UK employees are feeling the pressure with a recent think tank report by The Smith Institute citing that two thirds are working longer hours, yet only 10% feel they are more productive. Demand to deliver more in less time, as well as the introduction of the National Living Wage, means there is a real risk of employee burn out as the gap between workplace happiness and higher outputs widens. This demonstrates a clear link between keeping the workforce happy and productive, and a firm’s ability to compete in a crowded market.
Unlocking greater productivity among staff is not new. However, as the report highlights, some managers use negative measures such as job cuts and more stringent targets to increase output. This is risky if positive drivers for increasing productivity are not also used. The study also indicates that directly consulting with staff about how to drive productivity up would make them feel more appreciated. Creating an ongoing two-way dialogue is therefore as important as any measure that is implemented.
A customised workplace
Many employers forget the positive role that the work environment can play in encouraging higher productivity rates. Workplace design should therefore cater to multiple working styles. Creating zones that encourage collaboration and creativity is perhaps the most important starting point. Increased interaction with peers can aid job satisfaction and drive creative ideas sharing, so designated breakout areas can directly facilitate this.
Collaborative working lends itself to open plan office spaces, but it is equally important to dedicate space to quiet concentration. This can be challenging in an open plan environment where noise pollution is an issue, so it is worth implementing quiet areas or even entirely separate rooms. In addition to this, including a defined area where employees can take a break and socialise can help provide the downtime needed to return to work refreshed and focused.
Of course the right surroundings need to be matched with a management style that encourages staff to work in a focused and targeted manner, if a firm is to maintain and grow its position.
As well as setting clear goals and objectives, it is important to ensure employees are given the parameters to use their initiative and show added value. Within the Smith Institute report, many of the survey respondents felt management often ignored their advice. Giving team members the freedom to make certain decisions and work with a level of autonomy therefore helps address this. The process is also easier to implement within teams where management can ensure that essential information about team performance and direction is regularly shared. Instead of waiting for a monthly catch up to do this, there should be a regular flow of updates and knowledge sharing that creates an inclusive culture that staff can feel a part of.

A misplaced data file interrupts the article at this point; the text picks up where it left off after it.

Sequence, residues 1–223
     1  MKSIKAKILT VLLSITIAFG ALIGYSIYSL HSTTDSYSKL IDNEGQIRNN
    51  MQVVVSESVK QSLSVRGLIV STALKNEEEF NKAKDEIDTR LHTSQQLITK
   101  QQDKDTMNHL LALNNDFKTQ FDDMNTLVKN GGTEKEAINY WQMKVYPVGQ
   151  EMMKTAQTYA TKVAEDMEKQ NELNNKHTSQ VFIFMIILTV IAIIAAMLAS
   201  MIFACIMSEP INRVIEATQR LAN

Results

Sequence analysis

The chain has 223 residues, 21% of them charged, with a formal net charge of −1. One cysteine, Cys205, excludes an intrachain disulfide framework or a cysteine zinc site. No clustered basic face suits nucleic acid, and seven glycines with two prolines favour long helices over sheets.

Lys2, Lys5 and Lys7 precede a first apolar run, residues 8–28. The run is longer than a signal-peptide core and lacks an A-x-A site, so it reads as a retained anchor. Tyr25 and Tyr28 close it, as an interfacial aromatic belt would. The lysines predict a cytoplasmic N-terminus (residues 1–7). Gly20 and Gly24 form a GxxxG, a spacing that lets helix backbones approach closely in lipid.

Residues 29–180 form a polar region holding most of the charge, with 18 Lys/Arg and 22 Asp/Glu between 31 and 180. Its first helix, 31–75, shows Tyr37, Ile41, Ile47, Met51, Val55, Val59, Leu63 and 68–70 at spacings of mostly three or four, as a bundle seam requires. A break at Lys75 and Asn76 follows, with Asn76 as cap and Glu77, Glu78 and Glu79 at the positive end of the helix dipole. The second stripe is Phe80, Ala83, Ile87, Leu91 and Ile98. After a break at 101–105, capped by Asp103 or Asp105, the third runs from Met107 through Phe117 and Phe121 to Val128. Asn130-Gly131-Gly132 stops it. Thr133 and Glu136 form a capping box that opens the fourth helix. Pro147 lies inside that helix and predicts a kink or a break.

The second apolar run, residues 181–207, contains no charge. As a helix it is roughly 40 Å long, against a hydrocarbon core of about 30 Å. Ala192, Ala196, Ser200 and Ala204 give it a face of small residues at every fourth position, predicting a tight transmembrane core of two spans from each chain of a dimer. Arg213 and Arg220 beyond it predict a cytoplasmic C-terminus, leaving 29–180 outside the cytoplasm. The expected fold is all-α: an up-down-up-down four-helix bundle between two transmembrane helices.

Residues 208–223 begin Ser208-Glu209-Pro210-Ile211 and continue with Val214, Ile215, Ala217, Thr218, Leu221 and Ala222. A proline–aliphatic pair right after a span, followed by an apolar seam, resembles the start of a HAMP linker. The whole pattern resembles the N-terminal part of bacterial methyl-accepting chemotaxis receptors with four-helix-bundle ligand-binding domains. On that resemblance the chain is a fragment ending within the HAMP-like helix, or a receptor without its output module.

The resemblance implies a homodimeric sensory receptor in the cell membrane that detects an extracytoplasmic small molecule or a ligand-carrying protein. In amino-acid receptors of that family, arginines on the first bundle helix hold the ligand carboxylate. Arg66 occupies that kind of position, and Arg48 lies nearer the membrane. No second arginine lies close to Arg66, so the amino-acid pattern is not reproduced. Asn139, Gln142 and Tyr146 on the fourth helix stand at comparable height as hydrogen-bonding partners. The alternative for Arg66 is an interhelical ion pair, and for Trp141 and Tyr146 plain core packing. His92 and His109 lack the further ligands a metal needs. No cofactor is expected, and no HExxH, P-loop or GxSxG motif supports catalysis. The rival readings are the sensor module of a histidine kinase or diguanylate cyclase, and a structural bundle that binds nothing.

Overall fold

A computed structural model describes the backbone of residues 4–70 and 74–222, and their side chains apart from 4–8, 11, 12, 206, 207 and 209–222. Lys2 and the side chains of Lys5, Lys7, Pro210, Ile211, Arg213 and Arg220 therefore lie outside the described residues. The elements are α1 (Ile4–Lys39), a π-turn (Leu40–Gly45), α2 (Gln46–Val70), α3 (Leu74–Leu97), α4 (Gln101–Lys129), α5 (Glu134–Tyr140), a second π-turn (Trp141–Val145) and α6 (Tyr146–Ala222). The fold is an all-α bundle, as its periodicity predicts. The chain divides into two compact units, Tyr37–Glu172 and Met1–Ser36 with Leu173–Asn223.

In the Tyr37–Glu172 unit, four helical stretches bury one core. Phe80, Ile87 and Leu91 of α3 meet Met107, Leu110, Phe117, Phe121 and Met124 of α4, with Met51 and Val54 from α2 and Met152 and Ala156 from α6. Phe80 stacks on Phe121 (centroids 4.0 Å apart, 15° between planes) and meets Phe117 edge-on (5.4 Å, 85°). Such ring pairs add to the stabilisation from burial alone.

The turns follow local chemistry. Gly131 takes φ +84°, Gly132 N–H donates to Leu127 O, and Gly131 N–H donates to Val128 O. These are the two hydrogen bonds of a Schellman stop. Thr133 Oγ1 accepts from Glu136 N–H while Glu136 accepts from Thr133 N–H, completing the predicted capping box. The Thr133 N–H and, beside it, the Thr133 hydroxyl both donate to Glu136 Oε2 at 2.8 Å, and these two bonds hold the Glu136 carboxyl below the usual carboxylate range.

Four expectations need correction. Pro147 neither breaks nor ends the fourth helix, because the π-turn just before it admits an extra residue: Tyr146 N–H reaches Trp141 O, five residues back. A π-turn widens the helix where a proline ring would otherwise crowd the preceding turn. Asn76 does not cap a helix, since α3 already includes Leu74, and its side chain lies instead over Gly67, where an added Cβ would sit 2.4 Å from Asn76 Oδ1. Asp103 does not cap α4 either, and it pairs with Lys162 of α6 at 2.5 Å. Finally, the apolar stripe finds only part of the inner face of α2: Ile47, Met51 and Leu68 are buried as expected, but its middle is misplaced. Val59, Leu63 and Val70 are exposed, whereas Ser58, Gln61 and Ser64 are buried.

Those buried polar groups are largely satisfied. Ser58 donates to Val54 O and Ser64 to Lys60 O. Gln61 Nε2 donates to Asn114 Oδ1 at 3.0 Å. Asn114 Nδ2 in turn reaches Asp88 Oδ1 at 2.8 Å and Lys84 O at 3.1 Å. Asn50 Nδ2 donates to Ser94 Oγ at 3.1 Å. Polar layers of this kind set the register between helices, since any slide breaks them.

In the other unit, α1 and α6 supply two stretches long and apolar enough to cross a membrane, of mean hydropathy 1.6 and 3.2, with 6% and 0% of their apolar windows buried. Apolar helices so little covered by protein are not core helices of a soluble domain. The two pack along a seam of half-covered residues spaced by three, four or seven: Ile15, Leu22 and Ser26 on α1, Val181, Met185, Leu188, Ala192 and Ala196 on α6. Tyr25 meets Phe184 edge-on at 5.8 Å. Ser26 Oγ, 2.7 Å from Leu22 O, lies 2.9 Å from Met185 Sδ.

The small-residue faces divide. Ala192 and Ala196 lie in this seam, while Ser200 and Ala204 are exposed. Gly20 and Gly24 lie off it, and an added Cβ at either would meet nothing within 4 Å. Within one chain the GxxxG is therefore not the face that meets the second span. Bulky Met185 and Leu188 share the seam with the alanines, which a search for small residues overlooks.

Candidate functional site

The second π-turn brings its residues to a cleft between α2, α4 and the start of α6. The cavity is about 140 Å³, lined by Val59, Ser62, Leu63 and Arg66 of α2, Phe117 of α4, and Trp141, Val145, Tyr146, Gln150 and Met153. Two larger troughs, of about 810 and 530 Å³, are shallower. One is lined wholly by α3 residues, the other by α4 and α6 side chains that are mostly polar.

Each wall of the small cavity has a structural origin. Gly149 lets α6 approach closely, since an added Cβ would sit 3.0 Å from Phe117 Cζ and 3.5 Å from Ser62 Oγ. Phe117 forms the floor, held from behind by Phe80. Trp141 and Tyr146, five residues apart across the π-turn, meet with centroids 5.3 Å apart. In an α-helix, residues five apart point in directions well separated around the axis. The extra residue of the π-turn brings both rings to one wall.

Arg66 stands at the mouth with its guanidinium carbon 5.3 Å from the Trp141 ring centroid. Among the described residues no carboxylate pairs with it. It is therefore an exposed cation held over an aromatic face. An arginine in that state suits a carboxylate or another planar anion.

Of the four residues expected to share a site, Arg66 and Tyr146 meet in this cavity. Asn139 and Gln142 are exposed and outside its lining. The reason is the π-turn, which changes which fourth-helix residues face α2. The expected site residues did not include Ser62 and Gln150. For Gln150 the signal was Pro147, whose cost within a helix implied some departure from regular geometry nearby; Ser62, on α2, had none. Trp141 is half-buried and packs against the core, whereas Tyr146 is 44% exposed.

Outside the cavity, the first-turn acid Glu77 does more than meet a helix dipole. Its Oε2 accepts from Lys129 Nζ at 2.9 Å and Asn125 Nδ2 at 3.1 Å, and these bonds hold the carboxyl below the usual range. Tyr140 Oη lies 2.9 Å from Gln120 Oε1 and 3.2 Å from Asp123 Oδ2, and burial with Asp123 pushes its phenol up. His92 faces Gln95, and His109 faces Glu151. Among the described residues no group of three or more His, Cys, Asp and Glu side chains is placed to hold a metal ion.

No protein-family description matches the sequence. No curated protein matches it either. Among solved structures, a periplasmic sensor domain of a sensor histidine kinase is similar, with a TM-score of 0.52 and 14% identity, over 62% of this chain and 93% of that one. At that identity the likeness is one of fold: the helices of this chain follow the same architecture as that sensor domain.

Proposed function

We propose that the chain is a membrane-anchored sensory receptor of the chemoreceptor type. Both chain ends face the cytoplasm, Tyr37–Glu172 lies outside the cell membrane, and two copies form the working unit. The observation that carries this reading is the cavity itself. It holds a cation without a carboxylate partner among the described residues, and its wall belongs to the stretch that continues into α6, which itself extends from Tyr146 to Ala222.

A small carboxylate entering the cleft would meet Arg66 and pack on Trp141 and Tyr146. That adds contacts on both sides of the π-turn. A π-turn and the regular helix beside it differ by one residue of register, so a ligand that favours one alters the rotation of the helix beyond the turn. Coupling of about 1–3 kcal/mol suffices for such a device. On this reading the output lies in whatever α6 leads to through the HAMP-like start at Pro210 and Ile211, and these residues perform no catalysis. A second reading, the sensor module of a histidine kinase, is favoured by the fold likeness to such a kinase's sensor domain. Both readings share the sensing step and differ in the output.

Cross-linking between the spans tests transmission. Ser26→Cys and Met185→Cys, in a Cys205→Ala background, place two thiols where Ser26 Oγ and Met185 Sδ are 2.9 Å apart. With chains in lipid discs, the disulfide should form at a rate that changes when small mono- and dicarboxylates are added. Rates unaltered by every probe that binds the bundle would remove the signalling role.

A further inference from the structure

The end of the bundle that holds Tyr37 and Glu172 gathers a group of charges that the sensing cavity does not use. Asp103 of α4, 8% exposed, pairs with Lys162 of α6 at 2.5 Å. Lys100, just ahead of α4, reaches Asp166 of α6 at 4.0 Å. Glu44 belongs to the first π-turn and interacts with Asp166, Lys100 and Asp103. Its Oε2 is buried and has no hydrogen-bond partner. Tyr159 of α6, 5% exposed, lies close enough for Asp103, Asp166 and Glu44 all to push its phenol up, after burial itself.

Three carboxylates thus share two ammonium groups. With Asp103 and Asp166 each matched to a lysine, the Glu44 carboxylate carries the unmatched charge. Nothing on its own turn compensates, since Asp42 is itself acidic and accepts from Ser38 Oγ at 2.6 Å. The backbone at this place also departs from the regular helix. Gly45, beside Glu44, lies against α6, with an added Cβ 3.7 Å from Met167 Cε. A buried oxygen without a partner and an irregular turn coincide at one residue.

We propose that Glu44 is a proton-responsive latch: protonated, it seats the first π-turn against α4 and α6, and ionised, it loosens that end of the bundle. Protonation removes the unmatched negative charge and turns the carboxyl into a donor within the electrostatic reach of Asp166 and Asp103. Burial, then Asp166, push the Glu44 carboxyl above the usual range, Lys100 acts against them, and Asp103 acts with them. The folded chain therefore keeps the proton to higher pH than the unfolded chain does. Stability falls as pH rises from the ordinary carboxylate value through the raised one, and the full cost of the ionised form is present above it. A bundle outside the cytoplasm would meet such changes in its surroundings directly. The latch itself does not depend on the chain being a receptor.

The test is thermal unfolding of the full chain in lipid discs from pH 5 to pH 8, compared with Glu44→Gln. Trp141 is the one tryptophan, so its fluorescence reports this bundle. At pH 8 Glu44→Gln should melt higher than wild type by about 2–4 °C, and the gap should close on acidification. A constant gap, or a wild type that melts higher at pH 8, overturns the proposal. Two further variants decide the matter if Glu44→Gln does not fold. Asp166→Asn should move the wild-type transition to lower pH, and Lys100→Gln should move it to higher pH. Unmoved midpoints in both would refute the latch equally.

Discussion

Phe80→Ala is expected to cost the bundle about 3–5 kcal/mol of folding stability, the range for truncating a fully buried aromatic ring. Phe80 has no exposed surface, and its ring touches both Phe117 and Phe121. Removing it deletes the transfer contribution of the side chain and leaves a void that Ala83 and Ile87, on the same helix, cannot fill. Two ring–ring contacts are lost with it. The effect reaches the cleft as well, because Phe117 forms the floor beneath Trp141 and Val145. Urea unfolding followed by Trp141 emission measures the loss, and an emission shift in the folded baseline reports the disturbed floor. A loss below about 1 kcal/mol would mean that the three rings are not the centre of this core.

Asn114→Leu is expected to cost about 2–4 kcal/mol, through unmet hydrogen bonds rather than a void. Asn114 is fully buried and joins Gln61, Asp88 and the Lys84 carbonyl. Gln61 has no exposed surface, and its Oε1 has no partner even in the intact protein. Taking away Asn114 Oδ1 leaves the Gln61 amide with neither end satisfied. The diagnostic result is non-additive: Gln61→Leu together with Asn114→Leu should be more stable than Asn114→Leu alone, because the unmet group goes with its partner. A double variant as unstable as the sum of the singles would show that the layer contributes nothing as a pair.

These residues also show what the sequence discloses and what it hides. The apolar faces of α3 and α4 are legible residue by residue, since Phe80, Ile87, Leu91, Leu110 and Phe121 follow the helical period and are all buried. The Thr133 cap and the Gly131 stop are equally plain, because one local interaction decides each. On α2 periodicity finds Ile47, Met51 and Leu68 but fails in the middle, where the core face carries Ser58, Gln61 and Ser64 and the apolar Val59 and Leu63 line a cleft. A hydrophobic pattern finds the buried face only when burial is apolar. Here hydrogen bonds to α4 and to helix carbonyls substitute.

A balancing act
As well as encouraging a sense of sharing and inclusion, allowing staff to work flexibly can also provide a greater sense of motivation. However, it is just as important to ensure that staff don’t ‘burn out’, especially where they are working remotely without triggers to encourage downtime. This can be addressed by restricting access to emails and even the company server at key times throughout the day. Not only does this encourage a break, but it also forces both office-based and mobile employees to move away from their desks. For employees working from home, what can help is to create a defined home working station so when it is time to take a break, staff can physically move away from the area and properly recharge.
Empower team members
In addition to instilling an inclusive working culture and granting more decision-making power, investing in on-the-job training is an additional way of showing how much staff are valued. Examples of this include guidance on using work-related software, one-to-one mentoring and a range of refresher courses to ensure existing skills are up-to-scratch. Arming the workforce in this way can add to a feeling of ownership and drive higher productivity levels in the process.
As the Smith Institute report highlights, genuinely supporting the individual styles and well-being of the workforce has never been more important. This means that there is not a single solution to the issue. Instead there should be a collection of practical and cultural changes that need careful consideration. Without recognising the need to introduce, monitor and modify measures that go beyond mere lip service, the happiness of the UK’s workers and the ability of its businesses to compete are at serious risk.
By Nigel Crunden, business specialist at Office Depot